The Future of the “Selfish Gene” Metaphor

This past December, science writer David Dobbs published an essay (2013) in the online magazine Aeon ( that purports to explain why the ‘selfish gene’ concept is outmoded and should be retired.  It elicited a good deal of commentary, and in early March, Aeon published responses (Sapolsky et al., 2014) to the original article from four individuals (two scientists, a genetic counselor, and a philosopher) as well as additional comments by Dobbs.  For those who are interested in this controversy, responses to the original Dobbs article were also posted elsewhere by Richard Dawkins (2013) and Jerry Coyne (2013a, b).  Below, I provide a sense of the arguments of Dobbs, the tenor of the criticisms of Dobbs’s piece, and selected other critiques of the gene-centric approach to evolution. (more…)

Human Phenotypic Differences and the Blurring Boundary Between Genetic and Epigenetic Variation

Three new papers (Kilpinen et al., 2013; McVickers et al., 2013; Kasowski et al., 2013) published earlier this month in Science all address the effects on human patterns of gene expression and other phenotypes of 1) genetic variation in non-protein coding regions of the genome and 2) covalent modifications of chromatin, the complex of DNA and proteins that facilitates the packaging and organization of DNA in the limited volume of the cell nucleus.  Regulation of gene expression is known to involve enzymes that covalently modify the chromatin proteins, known as histones, by attaching such moieties as methyl, acetyl, or phosphate groups to the so-called histone tails.  These post-translational modifications are commonly known as epigenetic marks and different marks, distinguished by both the chemical structure of the added substituent and the particular histone and precise amino acid modified, are associated with consistent and distinct effects on gene expression. (more…)

Phenotypic and Genotypic Variation of a Fungal Pathogen Powered by Codon Ambiguity and Degenerate Translation

The term “genetic code” is associated with a measure of ambiguity.  For molecular biologists, “genetic code” has historically referred to a table that provides for each messenger RNA ribonucleotide triplet the corresponding amino acid that is incorporated into the growing end of a nascent polypeptide chain, i.e. the translation from RNA sequence to protein sequence.  In colloquial parlance, “genetic code” is frequently used to refer to all or part of the deoxribonucleotide sequence of a genome.  A recent paper, published online ahead of print in Proceedings of the National Academy of Sciences (Bezerra et al., PNAS, 2013) demonstrates that this semantic ambiguity can have a counterpart in the ribosomal interpretation of the genetic code, using the technical molecular biological meaning of the latter term. (more…)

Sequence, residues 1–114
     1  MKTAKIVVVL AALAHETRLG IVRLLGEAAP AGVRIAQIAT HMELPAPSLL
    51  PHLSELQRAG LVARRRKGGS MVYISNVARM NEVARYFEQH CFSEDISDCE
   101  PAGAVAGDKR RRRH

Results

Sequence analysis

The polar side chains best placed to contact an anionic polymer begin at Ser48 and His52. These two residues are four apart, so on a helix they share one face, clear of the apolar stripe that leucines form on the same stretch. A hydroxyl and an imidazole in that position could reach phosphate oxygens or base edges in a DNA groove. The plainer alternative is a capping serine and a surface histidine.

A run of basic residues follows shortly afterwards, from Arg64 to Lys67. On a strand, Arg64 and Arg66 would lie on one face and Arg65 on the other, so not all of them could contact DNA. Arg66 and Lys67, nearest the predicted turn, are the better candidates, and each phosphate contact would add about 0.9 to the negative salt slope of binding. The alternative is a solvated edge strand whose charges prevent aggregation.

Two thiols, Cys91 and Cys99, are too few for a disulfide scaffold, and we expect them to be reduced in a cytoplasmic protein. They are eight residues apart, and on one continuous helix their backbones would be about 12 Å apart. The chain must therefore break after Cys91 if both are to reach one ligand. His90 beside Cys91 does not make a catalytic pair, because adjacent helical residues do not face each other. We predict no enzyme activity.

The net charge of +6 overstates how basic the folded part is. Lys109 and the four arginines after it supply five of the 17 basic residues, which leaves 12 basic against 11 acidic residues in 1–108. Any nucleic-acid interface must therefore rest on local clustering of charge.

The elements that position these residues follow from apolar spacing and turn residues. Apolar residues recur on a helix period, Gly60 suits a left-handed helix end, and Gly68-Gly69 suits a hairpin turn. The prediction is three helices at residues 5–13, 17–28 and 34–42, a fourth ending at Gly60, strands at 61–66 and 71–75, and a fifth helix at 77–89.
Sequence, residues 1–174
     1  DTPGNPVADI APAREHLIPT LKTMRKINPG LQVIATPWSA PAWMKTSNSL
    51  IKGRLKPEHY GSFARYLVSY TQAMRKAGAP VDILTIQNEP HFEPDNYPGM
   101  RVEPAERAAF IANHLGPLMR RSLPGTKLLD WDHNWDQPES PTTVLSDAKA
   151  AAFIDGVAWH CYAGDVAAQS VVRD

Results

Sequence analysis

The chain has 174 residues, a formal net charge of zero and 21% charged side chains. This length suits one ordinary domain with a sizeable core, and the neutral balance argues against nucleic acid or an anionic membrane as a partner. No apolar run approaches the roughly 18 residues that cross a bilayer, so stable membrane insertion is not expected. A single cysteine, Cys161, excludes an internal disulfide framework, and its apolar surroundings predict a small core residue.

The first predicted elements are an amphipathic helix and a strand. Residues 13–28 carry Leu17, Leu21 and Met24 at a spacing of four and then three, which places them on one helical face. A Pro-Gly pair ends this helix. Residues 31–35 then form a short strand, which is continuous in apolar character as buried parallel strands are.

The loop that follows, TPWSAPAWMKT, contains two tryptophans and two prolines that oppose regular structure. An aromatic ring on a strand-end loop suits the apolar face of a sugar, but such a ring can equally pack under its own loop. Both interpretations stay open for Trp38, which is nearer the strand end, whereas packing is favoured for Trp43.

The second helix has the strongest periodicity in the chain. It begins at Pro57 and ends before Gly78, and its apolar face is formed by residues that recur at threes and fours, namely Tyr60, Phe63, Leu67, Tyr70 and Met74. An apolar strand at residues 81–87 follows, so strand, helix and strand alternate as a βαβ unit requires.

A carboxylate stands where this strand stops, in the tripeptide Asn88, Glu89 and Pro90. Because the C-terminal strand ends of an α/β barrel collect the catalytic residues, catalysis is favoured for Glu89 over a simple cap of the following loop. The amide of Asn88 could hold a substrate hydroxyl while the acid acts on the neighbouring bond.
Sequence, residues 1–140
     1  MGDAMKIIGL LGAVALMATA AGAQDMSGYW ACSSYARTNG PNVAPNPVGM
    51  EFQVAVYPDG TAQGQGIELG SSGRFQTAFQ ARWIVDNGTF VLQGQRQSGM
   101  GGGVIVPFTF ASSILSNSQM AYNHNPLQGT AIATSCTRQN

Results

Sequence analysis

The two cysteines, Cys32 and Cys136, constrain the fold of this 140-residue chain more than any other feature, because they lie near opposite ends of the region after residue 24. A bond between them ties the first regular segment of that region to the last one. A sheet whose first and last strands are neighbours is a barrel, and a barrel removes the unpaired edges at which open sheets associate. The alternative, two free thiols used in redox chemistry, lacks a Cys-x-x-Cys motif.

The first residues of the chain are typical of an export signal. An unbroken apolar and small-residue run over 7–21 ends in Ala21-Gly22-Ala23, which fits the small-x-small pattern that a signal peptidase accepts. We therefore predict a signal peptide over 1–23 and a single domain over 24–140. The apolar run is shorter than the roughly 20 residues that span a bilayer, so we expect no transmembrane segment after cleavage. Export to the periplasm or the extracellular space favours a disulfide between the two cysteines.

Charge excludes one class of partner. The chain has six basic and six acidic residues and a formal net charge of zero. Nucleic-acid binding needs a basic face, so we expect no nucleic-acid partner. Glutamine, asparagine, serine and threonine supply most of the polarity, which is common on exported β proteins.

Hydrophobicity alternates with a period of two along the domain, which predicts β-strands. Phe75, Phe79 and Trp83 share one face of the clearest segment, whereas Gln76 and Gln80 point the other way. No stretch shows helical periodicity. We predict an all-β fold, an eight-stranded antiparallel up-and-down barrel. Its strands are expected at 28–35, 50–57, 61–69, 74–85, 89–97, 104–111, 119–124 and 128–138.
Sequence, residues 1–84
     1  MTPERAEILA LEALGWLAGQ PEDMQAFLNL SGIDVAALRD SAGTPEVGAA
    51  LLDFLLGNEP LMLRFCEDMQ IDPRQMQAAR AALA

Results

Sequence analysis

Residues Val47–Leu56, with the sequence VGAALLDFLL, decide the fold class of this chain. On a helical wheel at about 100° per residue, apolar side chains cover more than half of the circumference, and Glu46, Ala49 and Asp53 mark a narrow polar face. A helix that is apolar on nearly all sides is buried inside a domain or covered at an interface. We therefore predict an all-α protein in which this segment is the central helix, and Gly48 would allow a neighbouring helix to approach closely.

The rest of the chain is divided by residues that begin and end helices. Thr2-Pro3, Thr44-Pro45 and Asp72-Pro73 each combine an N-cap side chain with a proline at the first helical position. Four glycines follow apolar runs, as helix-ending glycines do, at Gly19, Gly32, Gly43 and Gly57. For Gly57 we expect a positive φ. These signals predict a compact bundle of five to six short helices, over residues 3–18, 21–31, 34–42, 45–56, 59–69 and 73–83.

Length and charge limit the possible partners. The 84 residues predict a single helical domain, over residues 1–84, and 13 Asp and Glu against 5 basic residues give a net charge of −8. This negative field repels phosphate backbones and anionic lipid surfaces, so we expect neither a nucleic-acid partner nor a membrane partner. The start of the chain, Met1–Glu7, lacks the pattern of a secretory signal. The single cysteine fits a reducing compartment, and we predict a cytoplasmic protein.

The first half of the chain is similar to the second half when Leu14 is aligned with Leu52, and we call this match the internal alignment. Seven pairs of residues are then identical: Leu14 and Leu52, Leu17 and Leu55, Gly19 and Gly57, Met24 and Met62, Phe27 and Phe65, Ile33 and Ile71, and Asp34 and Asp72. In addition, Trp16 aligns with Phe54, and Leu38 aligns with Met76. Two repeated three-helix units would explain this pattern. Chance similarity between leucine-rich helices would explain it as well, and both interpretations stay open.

Intelligent Design, the Resurfacing of a Pseudo-Theory

In the past six months, I have encountered a review, by Thomas Nagel in The New York Review of Books (2012), of Alvin Plantinga’s latest book (Where the Conflict Really Lies: Science, Religion, and Naturalism, 2011 ) and a review, by Alvin Plantinga in The New Republic (2012), of Thomas Nagel’s latest book (Mind and Cosmos: Why the Materialist Neo-Darwinian Conception of Nature is Almost Certainly False, 2012).  Both authors are regarded as distinguished philosophers.  In their respective books, they both criticize what may be called the materialist neo-Darwinian approach to explaining life.  Plantinga and Nagel both discuss as a putative alternative to evolutionary explanations, the framework known as intelligent design (ID).  Whereas Plantinga appears to support ID, Nagel does not endorse ID but criticizes proponents of evolution for being overly disparaging of ID theorists. (more…)

Are Viruses Alive?


Recently, a valued friend and scientific colleague of mine (Jonathan Yewdell of the NIAID in Bethesda) made me aware of a netcast ( and associated blog ( relating to virology.  The originator of both is Vincent Racaniello, a well-known and highly regarded virologist and professor of microbiology at Columbia University.  Dr. Racaniello currently happens to be curating a survey ( asking people to answer the question: “Are viruses living?” (more…)

History of the Immunological Thread in the Fabric of Evolutionary Medicine

In his essay (2011) on the history of Darwinian (or evolutionary) medicine, Jonathan Fuller describes potentially relevant interests and insights that preceded the famous paper by Nesse and Williams (1991) that is widely regarded as having catalyzed the resurgence of interest in applying evolutionary concepts and principles to medicine.  For example, the author describes aspects of Aristotle’s biological thinking as well as elements of the medical concepts of Hippocrates that anticipated some features of evolutionary medicine while possibly also impeding full acceptance of the evolutionary perspective on medical phenomena.  Fuller also mentions the writings of individuals such as A. C. Allison and Paul Ewald relating to infectious disease as relevant examples of pre-1991 applications of evolutionary thinking to medically-relevant problems.
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There is, however, another medical field with a relatively long history (going back at least a century) of applying evolutionary principles and concepts to understanding phenomena of interest, immunology (Silverstein, 2003), which Fuller mentions only in passing. (more…)